When we bummed Cas at the HJ a few months ago, we joked that the Tigers resembled the Wheatsheaf team from the film Up ‘n’ Under.
This time around, in the land of the Toon, it was our beloved Wire looked like the rag tag bunch of amateurs as the Likely Lads Luke Gale and Luke Dorn ripped us apart at the Sports Direct.Com Stadium or whatever it’s called this week.
It was wank that wasn’t it?
If we were Wigan, we’d probably blame injuries; if we were Salford, we’d blame Catalan Dragons and the RFL and if we were Widnes, we’d blame The UN, Eddie ‘The Eagle’ Edwards and anyone in earshot, but we’re not. We’re Warrington so we’re nursing a massive hangover, trying to pick the bones out of what was another piss poor performance.
At the start of the season, we seemed to have the happy knack of being a bit shit, but still winning, which seems to have all but disappeared.
When we play well, we look like absolute world beaters. The first 25 minutes on Saturday was as good as we’ve seen for a few weeks and the second half at Wakey wasn’t far behind.
But – and it’s a big, shiny, fuck off but – the first half at Belle Vue and the last hour against Cas was fucking abysmal.
We looked a million miles away from the side that put 50-odd on them back in March and the only people happier than the Cas fans were probably the Warrington Branch of the Darryl Powell Fan Club, who continuously bang on about how better a coach he is than Tony Smith every time Cas win.
They’re nowhere to be seen when Cas get a good hiding, though, are they?
For all Powell’s positives – and he is a good coach, there is no doubting that – he simply does not have the silverware on his CV that Smith has. He has turned Cas into a competitive, but ultimately inconsistent side, much like we were under Cullen – and Leeds were under Powell, for that matter.
Thing is, you genuinely can’t fault the effort, the team just didn’t look organised and spunked chances – at crucial times, too.
Gene Ormsby dropped one with the line at his mercy and Matty “Hulk Hands” Russell bombed three – the one that he contrived to fuck up at 14- 6 when the Tigers were starting to get a hold on the game was a game changer. If we could have halted their momentum at that point, we might have pushed on.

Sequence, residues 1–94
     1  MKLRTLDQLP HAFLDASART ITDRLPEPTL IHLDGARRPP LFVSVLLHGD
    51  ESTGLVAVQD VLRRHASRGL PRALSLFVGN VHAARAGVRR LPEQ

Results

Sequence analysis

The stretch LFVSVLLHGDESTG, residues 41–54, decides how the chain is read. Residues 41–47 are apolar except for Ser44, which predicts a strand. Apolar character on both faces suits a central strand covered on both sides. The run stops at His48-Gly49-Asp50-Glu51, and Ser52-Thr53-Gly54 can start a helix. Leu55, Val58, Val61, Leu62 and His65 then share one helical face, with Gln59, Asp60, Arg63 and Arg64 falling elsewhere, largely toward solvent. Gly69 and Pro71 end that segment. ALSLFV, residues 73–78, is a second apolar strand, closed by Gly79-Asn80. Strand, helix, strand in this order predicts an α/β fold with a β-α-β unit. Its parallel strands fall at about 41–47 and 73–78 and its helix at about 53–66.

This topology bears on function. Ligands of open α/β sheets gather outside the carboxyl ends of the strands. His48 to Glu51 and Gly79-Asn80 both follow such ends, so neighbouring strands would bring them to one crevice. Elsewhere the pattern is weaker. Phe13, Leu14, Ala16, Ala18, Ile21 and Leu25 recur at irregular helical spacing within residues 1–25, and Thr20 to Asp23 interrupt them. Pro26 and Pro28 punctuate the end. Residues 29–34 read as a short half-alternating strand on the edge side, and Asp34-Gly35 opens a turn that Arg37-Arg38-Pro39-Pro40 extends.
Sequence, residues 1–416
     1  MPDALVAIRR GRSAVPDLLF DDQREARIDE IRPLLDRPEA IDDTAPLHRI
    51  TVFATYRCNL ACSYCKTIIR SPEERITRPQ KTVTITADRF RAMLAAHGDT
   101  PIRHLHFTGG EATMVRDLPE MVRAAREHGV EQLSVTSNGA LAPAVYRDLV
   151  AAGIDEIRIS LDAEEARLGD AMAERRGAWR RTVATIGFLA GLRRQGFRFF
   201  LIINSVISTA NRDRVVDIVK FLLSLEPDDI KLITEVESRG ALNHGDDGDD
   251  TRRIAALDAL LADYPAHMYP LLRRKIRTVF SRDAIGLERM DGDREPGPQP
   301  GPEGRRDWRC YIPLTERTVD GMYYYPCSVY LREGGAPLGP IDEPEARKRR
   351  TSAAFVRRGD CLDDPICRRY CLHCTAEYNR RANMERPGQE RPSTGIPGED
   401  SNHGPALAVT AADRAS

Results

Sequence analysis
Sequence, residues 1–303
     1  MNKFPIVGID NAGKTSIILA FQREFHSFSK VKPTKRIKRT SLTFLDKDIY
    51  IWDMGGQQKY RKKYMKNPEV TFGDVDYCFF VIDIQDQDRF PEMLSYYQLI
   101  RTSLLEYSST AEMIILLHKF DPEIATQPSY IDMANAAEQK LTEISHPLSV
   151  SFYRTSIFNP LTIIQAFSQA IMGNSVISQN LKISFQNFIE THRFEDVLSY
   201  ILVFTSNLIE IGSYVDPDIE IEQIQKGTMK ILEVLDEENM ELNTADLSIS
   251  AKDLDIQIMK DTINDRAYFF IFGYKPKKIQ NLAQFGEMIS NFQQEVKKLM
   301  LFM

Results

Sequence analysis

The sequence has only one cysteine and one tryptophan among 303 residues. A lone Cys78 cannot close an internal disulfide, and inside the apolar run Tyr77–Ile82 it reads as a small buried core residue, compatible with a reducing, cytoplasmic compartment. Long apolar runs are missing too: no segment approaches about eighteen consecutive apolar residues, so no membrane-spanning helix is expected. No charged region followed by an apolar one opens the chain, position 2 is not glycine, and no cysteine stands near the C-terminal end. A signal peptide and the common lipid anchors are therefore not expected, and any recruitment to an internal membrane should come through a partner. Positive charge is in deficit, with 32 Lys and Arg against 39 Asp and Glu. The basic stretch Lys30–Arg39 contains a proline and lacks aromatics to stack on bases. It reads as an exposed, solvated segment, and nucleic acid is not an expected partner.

We’re not huge fans of Matty Russell. His cheeky smile and rock hard abs endears him to the women and the odd good break from dummy half catches the eye of the casual fan, but the ability to run fast in a straight line does not make him a good full back any more than Jeremy Corbyn wearing a giant nappy makes him a Sumo Wrestler.
In the modern game (We’ve gone all Stevo there, not even sorry) there are three kinds of fullbacks; the extra pivot, the support player and the defensive organiser. Matty Russell can’t catch, pass or organise a defence.
We need a Luke Dorn or a Bret Hodgson, we’ve got a Forrest Gump. Thick as a castle wall, but can run like stink.
When Sandow is back fit, either Ratchford or Gidley will fill that third pivot role and provide a more organised, more fluid back line.
Off the pitch, there is no denying the Magic Weekend is a winning concept, but the dilemma at the minute must be where it fits in to an already crowded calendar.
Rugby League needs big events to put the game on the public eye, and everyone loves the atmosphere. A day out or weekend away in a nice stadium in a big city, surrounded by a mixture of mates and pissed up lads dressed like twats, but there are legitimate concerns about having to squeeze in an extra round when our blokes play far too many games already.
One idea is to play it over the Easter bank holiday weekend, which would kill two proverbial birds with one stone with regards to fixture congestion and actually having it on a bank holiday weekend.
Or maybe the first round of the Super 8’s which would get rid of the problem of not having a fucking clue where we were playing the first week of the post season, but then you wouldn’t have guaranteed fixtures until just before the event, which would hit ticket sales and make it nearly impossible to plan your trip.
There’s pros and cons whatever you do, obviously, but moving it to Easter and getting shut of one of the two games over that weekend would also free up a bit of time for an international weekend.
Like it or not, International sport will always get more attention than domestic Rugby League and it’s the international exposure and increased media profile around the big games is one of the reasons the likes of Sam Burgess and Kyle Eastmond have their heads turned by other, inferior sports. That, and the extra dollar that such exposure brings with it, of course.
The 2013 World Cup was a massive success, but the RFL being the RFL decided to build on the sell outs and general goodwill by not having England play at home for two years. The media interest died off and we were quickly back to square one.
The issue that we have is that we’ve not really got anyone to play – a mid-season test against a full strength Australia or Kiwis is a logistical non-starter and France, Wales, Scotland or Ireland just won’t give England a competitive game.
The Exiles was an idea worth persevering with – the standard of overseas talent over here at the moment would provide a far bigger text than any of the Northern Hemisphere sides, but the parochial attitudes of some fans made it hard for them to buy into it and we ended up with the situation where England’s brightest young prospect was booed while representing the national side at Headingley.
The South Standers have grown accustomed to booing their own team this year, as their spectacular fall from grace continues at such a rate it actually broke the sound barrier in Leeds the other week.
After two losses on the trot, a home game against the side rooted to the bottom of the league should be the perfect tonic for the Wire, but we should know more than anyone never to write off Leeds.